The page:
By: Jolie Featherstone

A sweet-natured family film, Judd Hirsch’s charming performance carries the emotional and comedic weight of iMordecai.

Mordecai Samel (Judd Hirsch, recently nominated for an Oscar for his incendiary performance in The Fabelmans) is a plumber, painter, and an all-around do-it-yourself’er. Mordecai and his wife, Fela, (Carol Kane, reuniting with Hirsch after their time together on TV’s Taxi) are Holocaust survivors who have been married for around 60 years and have never spent a night apart. When their son (Sean Astin of Lord of the Rings and Goonies fame) sees how his Dad has torn up their condo for another one of his DIY plans, he puts his foot down and takes his Dad to get a smartphone and acquaint him with the modern world.  Resistant at first, when Mordecai sees the beautiful digital art that can be created on an electronic device, he tentatively dips his feet into the technological waters with encouragement from a kind, young sales associate, Nina (Azia Dinea Hale).  As Mordecai begins “iPhone lessons” with Nina, a series of hijinks begins that will push and pull Mordecai, his family, and his friends into growing and accepting each other.

The main story – and the emotional core of the film – is Mordecai’s emotional journey through his history and expressing important memories from his past in the present.  In addition to this journey, much change is befalling Mordecai: Fela is diagnosed with a form of Dementia, Marvin’s livelihood is increasingly uncertain, and his new friend Nina has some family conflicts and pain that are coming to the fore.  As Mordecai shows us, change and evolution happen at every stage of life.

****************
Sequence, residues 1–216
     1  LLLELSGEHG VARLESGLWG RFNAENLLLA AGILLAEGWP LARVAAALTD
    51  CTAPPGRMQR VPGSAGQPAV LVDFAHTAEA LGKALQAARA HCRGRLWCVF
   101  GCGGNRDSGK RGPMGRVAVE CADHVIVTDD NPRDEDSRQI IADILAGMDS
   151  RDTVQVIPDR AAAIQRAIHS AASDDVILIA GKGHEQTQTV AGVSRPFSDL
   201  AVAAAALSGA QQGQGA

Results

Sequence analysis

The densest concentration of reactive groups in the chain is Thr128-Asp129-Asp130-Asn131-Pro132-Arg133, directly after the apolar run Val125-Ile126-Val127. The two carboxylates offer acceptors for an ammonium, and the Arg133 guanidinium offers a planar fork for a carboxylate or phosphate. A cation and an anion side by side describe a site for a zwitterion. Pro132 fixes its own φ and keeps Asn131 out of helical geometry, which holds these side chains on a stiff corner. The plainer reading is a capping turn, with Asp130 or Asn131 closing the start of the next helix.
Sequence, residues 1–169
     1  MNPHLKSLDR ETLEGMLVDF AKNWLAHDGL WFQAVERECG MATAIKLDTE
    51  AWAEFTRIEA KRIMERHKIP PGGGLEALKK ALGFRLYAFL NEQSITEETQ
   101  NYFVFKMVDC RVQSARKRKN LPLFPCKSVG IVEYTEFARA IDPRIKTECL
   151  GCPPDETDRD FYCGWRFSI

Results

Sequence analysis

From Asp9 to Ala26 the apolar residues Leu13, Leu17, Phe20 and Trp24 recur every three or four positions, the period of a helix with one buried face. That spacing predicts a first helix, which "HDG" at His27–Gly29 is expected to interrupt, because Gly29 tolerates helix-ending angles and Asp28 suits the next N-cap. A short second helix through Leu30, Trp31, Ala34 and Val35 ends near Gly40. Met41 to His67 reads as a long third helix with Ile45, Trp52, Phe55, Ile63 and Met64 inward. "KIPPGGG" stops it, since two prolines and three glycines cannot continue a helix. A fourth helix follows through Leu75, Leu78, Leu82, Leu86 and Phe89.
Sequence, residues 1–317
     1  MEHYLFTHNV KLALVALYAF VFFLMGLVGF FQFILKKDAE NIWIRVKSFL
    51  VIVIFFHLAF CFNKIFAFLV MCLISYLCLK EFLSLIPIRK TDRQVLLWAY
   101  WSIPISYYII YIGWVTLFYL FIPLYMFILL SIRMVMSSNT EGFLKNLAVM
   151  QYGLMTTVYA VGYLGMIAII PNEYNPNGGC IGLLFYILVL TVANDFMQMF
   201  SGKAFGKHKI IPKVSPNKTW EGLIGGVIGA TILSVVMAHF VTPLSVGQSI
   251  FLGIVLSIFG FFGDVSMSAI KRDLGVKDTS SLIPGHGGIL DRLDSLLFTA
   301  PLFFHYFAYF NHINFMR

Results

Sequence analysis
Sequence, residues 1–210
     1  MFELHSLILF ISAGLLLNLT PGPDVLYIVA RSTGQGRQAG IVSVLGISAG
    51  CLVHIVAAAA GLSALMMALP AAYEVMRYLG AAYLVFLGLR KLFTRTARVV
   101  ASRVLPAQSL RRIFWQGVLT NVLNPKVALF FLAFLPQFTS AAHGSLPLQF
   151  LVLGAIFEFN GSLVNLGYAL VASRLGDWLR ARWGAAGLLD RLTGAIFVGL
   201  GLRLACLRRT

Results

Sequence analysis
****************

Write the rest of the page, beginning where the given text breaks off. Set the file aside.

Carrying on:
Hirsch is loveable as stubborn and honest Mordecai.  I would have loved to have seen Kane being given more to do in the film.  That said, there is a scene between Fela and Nina that is so lovely where Kane truly gets to shine.  Newcomer Azia Dinea Hale is also memorable in her turn as Nina, a kind and thoughtful young woman with a history of her own that she is struggling to reckon with.

Historical scenes are often told through narrated animated sequences that beautifully convey family, love, trauma, war, and grief.  These animated scenes speak to Mordecai’s inner passion for painting and art, which plays a big part in the film’s heartwarming ending.

The film included tributaries of multiple stories that could have been more fleshed-out.  I hate to say this, but I think this film would have rendered well as a limited series.  As a limited series, each storyline could have been more fully developed and explored. 

iMordecai is a warm and sunny film that, while touching upon many directions, brightens the hearts of those who watch it;  thanks in large part to Judd Hirsch’s endearing and eccentric protagonist.


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